Last Tuesday, your star barista got to the cafe 15 minutes early. Your employee manual says that staff need to clock on right away, so your barista does.
But when you went to approve timesheets at the end of the week, you incorrectly rounded your employee’s start time to 6:30 am, erasing that early start time.
So when your barista received their paycheck today and noticed they were paid less than expected — that a 6:30 am start time was listed — they have no proof of why they should be paid more.
While the media often insight fear through “wage theft” — the notion of either an employee or an employer “stealing” money through inaccurate worked time — the real issue is time and wage fairness.
Read on to learn what time and wage fairness means — and why it’s so important for your business.
Transparency — it goes both ways
For NurseWatch, a nursing and home care provider, transparency is incredibly important. When staff go into a client’s home, they may find that they need to stay longer to address an issue. And they need to track why.
“Because we have our workforce management app up all the time for work health and safety, we always know where our staff are,” says Kate Spurway (RN, EMBA, APNA, MACN), founder and director of NurseWatch.
“If they haven’t signed off, we know to find out why. And especially due to COVID-19, we are diligent about checking on our staff and clients. There’s a protocol of if they haven’t logged off — phone call and progress notes.”
If you were to grade your business, how would you score yourself on being transparent? Remember: Transparency goes both ways. So that means both staff and managers need to be aligned.
Here are just a few ways you can help boost transparency in your business.
Ensure staff know what’s expected from them. You and your team should have clear alignment about what hours they need to work and what tasks they need to perform. Use your communication app — and turn on read receipts — so you have a clear record of communication.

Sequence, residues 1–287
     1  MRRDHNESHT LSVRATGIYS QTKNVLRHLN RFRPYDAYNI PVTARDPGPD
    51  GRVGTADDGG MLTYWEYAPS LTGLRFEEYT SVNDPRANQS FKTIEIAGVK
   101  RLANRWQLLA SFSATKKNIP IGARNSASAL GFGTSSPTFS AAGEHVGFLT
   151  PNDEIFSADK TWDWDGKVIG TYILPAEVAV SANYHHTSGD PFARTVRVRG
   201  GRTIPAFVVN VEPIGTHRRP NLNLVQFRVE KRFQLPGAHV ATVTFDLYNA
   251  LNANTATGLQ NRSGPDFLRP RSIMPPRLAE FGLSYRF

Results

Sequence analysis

Create a visible record of hours worked. You shouldn’t be the only one who can see what hours your staff work. Choose a workforce management tool that provides staff their timesheet on their mobile device so they can always check on their schedule.
Make changes public. Or, at least make changes visible to the individual they impact. If you or another manager makes a change on an employee’s timesheet, choose a tool that enables the employee to see what change was made and why.
When you build transparency into your workplace, you create a culture of fairness for business owners, managers, and employees.
It’s not just about the money
As a manager or business owner, you’re accountable for every dollar spent. That’s why you do what you can to spend wisely.
Often, managers focus on someone clocking in early or cutting out on their shift as a way to steal money from the business. Or conversely, an employer changing a timesheet to get out of paying an employee what they’re entitled to make.
But that’s not the right way to think about it.
Time and wage fairness isn’t about someone trying to make more money. It’s about the right way to work.
There’s a common misconception that legislation like The Good Work Plan is just about paying staff correctly. That’s part of it. But that legislation is also put in place to help both employers and employees make better and more informed decisions. Here are just a few of the other ways you can improve time and wage fairness.
Provide schedules in advance. Your cashiers have a life outside of your grocery store. They could be parents, students, or entrepreneurs, trying to balance their other duties with hours at the grocery. A reasonable estimate of what hours they’ll be working will help them coordinate their responsibilities outside of work — and will help you plan which staff need to work when. That will also help cut down miscalculated hours or confusion about what hours were scheduled to be worked.
Compensation for schedule changes. Yes, this one is about money, but it’s more about the concept of taking accountability for changing hours without advance notice. As an employee, you’re expected to show up on time and work until the end of your shift. As an employer, you’re expected to keep your word when it comes to the schedule. That dual responsibility helps ensure a fair system for time and wage management.
Throw a timestamp on it. If you’re using paper or a spreadsheet to track time, your “timestamp” isn’t that official. Instead, use a system that digitally puts a timestamp on your timesheets so there’s always an accurate, real-time record of any transaction.
For the fairest of them all
Happy staff make for happy customers.
When you focus on ensuring that your business promotes time and wage fairness across the board, you build a culture of trust between you and your employees. And if you don’t create a fair business, you’re at risk for penalties and even a tarnished brand reputation.
Try a free trial of Deputy to learn how managers — and employees — create a culture of fairness through their scheduling and record keeping.